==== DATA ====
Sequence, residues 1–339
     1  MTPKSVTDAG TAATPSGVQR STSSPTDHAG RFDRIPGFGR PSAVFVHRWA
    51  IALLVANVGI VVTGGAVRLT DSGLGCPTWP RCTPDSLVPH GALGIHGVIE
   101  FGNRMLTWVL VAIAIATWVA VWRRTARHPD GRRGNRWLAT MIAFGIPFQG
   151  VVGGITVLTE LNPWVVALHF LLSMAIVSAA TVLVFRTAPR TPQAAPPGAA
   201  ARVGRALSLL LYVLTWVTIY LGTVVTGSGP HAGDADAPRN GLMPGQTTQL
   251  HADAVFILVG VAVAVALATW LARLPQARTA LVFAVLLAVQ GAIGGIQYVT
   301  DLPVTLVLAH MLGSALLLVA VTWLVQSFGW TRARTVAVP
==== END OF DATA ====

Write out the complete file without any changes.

Sequence, residues 1–339
     1  MTPKSVTDAG TAATPSGVQR STSSPTDHAG RFDRIPGFGR PSAVFVHRWA
    51  IALLVANVGI VVTGGAVRLT DSGLGCPTWP RCTPDSLVPH GALGIHGVIE
   101  FGNRMLTWVL VAIAIATWVA VWRRTARHPD GRRGNRWLAT MIAFGIPFQG
   151  VVGGITVLTE LNPWVVALHF LLSMAIVSAA TVLVFRTAPR TPQAAPPGAA
   201  ARVGRALSLL LYVLTWVTIY LGTVVTGSGP HAGDADAPRN GLMPGQTTQL
   251  HADAVFILVG VAVAVALATW LARLPQARTA LVFAVLLAVQ GAIGGIQYVT
   301  DLPVTLVLAH MLGSALLLVA VTWLVQSFGW TRARTVAVP